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Eddie Reeves
Edwin McCain
El Sloan of Crossfade
Elvin Bishop
Emilio Castillo from Tower of Power
Emily Saliers of Indigo Girls
Eric Burdon
Eric Kretz of Stone Temple Pilots
Francesca Battistelli
Francis Rossi of Status Quo
Gary Brooker of Procol Harum
Gary Lewis
Gary Louris of The Jayhawks
Gary Numan
Gentle Giant
Georgia Middleman of Blue Sky Riders
Gilby Clarke
Glen Burtnik
Glen Phillips of Toad the Wet Sprocket
Gordon Bahary
Graham Bonnet (Alcatrazz, Rainbow)
Graham Parker
Graham Russell of Air Supply
Greg Lake of Emerson, Lake & Palmer
Gretchen Peters (Independence Day)
Guy Clark
Gym Class Heroes
Hal Ketchum
Harold Brown of War
Harry Shearer
Hayes Carll
Henry McCullough
Henry Paul of The Outlaws, Blackhawk
Holly Knight
Holly Williams
Howard Bellamy
Howard Jones
Ian Anderson of Jethro Tull
Ian Anderson: "The delight in making music is that you don't have a formula"
Ian Astbury of The Cult
Ian Thornley of Big Wreck
Ingrid Croce
J.D. Souther
Jack Blades of Night Ranger and Damn Yankees
Jake Owen
James Williamson of Iggy & the Stooges
Jamey Jasta of Hatebreed
Jane Wiedlin from the Go-Go`s
Janis Ian
Jann Klose
Jaret Reddick of Bowling for Soup
Jason Michael Carroll
Jason Newsted (ex-Metallica)
Jason Reeves
Jason Roy of Building 429
Jay Graydon
Jeff Walker of Carcass
Jello Biafra
Jeph Howard of The Used
Jeremy DePoyster of The Devil Wears Prada
Jess Origliasso of The Veronicas
Jesse Valenzuela of Gin Blossoms
Jim McCarty of The Yardbirds
Jimbeau Hinson
Jimmy Jam
Jimmy Webb
JJ Burnel of The Stranglers
Jo Dee Messina
Joe Elliott of Def Leppard
Joe Ely
Joe Grushecky
Joe Jackson
Joe King Carrasco
Joe Rickard of Red
Joel Crouse
Joey + Rory
Joey Burns of Calexico
John Doe of X
John Gallagher of Raven
John Lee Hooker
John Oates
John Rzeznik of Goo Goo Dolls
John Waite
John Wheeler of Hayseed Dixie
Johnette Napolitano of Concrete Blonde
Jon Anderson of Yes
Jon Foreman of Switchfoot
Jon Oliva of Trans-Siberian Orchestra
Jon Tiven
Josh Kelley
Josh Shilling
Josh Thompson
Julian Lennon
Justin Hayward of The Moody Blues
Kasim Sulton (Utopia, Meat Loaf)
Keith Morris of Black Flag and OFF!
Keith Reid of Procul Harum
Kelvin Swaby of The Heavy
Ken Block of Sister Hazel
Kenny Vance
Kerry Livgren of Kansas
Kim Thayil of Soundgarden
Kirk Franklin
Kristian Bush of Sugarland
Kristine W
Lajon Witherspoon of Sevendust
Larry Burnett of Firefall
Larry Wiegand of Crow
Laura Bell Bundy
Lecrae
Lee Ranaldo
Leslie West of Mountain
Lindi Ortega
Lisa Loeb
Lita Ford
Little Big Town
Lori McKenna
Louie Perez of Los Lobos
Lukas Nelson
Mac Powell of Third Day
Marc Roberge of O.A.R. (Of A Revolution)
Marcy Playground
Maria Muldaur
Maria Neckam
Mark Arm of Mudhoney
Marshall Crenshaw
Martin Page
Martin Smith of Delirous?
Martyn Ware of Heaven 17
Marvin Etzioni of Lone Justice
Mary Gauthier
Mat Kearney
Matisyahu
Matt Pike of High On Fire
Matt Pryor of Get Up Kids
Matt Scannell of Vertical Horizon
Matt Sorum
Matt Thiessen of Relient K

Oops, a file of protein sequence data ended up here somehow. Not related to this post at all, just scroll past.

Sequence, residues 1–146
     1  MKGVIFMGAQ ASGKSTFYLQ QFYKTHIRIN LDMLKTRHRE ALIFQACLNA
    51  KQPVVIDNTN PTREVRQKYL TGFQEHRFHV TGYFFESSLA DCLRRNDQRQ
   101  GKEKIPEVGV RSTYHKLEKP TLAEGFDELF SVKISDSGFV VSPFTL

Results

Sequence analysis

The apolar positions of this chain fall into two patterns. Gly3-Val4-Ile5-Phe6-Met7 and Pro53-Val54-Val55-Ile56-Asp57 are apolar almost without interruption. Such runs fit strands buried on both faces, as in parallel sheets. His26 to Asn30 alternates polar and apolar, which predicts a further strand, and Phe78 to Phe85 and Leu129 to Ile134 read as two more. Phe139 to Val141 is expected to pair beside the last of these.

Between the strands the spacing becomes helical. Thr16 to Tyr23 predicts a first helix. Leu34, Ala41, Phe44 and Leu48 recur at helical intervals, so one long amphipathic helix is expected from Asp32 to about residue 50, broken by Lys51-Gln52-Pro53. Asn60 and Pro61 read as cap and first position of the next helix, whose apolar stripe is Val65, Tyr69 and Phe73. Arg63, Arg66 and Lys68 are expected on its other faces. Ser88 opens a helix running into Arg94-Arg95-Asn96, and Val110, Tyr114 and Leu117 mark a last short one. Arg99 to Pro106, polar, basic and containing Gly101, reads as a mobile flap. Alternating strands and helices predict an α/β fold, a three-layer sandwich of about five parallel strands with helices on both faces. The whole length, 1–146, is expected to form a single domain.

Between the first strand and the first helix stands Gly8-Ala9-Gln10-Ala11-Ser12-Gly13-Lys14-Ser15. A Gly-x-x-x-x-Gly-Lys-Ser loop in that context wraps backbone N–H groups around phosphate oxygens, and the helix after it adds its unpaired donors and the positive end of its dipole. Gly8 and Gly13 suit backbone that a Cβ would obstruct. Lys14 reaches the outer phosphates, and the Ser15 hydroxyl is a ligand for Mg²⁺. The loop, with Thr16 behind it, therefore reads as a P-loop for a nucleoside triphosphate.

Matthew West
Max Cavalera of Soulfly (ex-Sepultura)
Mia Doi Todd
Michael Bolton
Michael Gilbert of Flotsam and Jetsam
Michael Glabicki of Rusted Root
Michael Schenker
Michael Sweet of Stryper
Mick Jones of Foreigner
Mike Campbell
Mike Donehey of Tenth Avenue North
Mike Love of The Beach Boys
Mike Muir of Suicidal Tendencies
Mike Portnoy of Dream Theater
Miles Doughty of Slightly Stoopid
Millie Jackson
Mitch Myers about Shel Silverstein
Mitts of Madball
Mountain Heart
Neil Fallon of Clutch
Neil Giraldo
Nick Van Eede from Cutting Crew
Nick Waterhouse
Nick Wheeler of The All-American Rejects
Nina Persson of The Cardigans
Nona Hendryx
Oliver Leiber
Our Lady Peace
Ozomatli
Pam Tillis
Pat Alger ("The Thunder Rolls", "Unanswered Prayers")
Paul Dean of Loverboy
Paul Evans
Paul Williams
Pegi Young
Penny Ford of Snap!
Pete Anderson
Peter Lord
Petula Clark
Phil Hurtt ("I'll Be Around")
Philip Cody
Queensrÿche founder Geoff Tate
Radney Foster
Raghav
Ralph Casale - Session Pro
Randy Goodrum (Oh Sherrie)
Randy Houser
Randy Montana
Randy Newman
Randy Sharp (From Glen Campbell to Edgar Winter)
Randy Stonehill
Rebecca St. James
Reverend Horton Heat
Rhonda Vincent
Richard Hell
Richard Marx
Richard Patrick of Filter
Richie McDonald of Lonestar
Richie Wise (Kiss producer, Dust)
Rick Finch
Rick Springfield
Rick Wartell of Trouble
Rik Emmett of Triumph
Robert Ellis
Roger Clyne
Rosanne Cash
Rupert Hine
Ryan Star
Sam Phillips
Sandy Chapin
Sarah Brightman
Scorpions Rudolf Schenker
Scott Gorham of Thin Lizzy and Black Star Riders
Scott Jason of Thriving Ivory
Scott Stapp
Scotty Emerick (Beer For My Horses)
Serena Ryder
Seth Swirsky
Shane Volk of One Bad Son
Shaun Morgan of Seether
Shawn Smith of Brad
Shelby Lynne
Skip Ewing ("Love, Me," "The Gospel According To Luke")
Sonny Sandoval of P.O.D.
Speech of Arrested Development
Spooner Oldham
Squeeze: Glenn Tilbrook and Chris Difford
Stan Ridgway
Steel Magnolia
Stephen Christian of Anberlin
Steve Azar
Steve Hindalong of The Choir
Steven Tyler of Aerosmith
Stuart Braithwaite of Mogwai
Sugarland
Sum 41
Sunny Sweeney
Supertramp founder Roger Hodgson
Tanita Tikaram
Taylor Dayne
Terry Cashman
Terry Jacks ("Seasons in the Sun")
Terry Taylor of Daniel Amos and Lost Dogs
The Asteroids Galaxy Tour
The Dandy Warhols
The Fratellis
The Limousines
They Might Be Giants
Thomas Dolby
Tim Butler of The Psychedelic Furs
Timothy B. Schmit of the Eagles
Tina Shafer
Tobin Esperance of Papa Roach
Toby Lightman
Todd Harrell of 3 Doors Down and 7dayBinge
Tom Gabel of Against Me!
Tom Johnston from The Doobie Brothers
Tom Keifer of Cinderella
Tommy James
Tommy Lee James ("She's My Kind Of Rain")
Toni Wine
Tonio K
Tony Hiller and Brotherhood of Man
Tony Joe White
Travis Stever of Coheed and Cambria
Trent Wagler of The Steel Wheels
Udo Dirkschneider (UDO, ex-Accept)
Van Dyke Parks
Vanessa Carlton
Ville Valo of HIM
Vince Clarke
Vinny May of Kodaline
Vonda Shepard
Wayne Hussey of The Mission
Wednesday 13
Wes Borland of Limp Bizkit and Black Light Burns
Will Jennings
Yael Naim
Yoko Ono
Zac Hanson
Zakk Wylde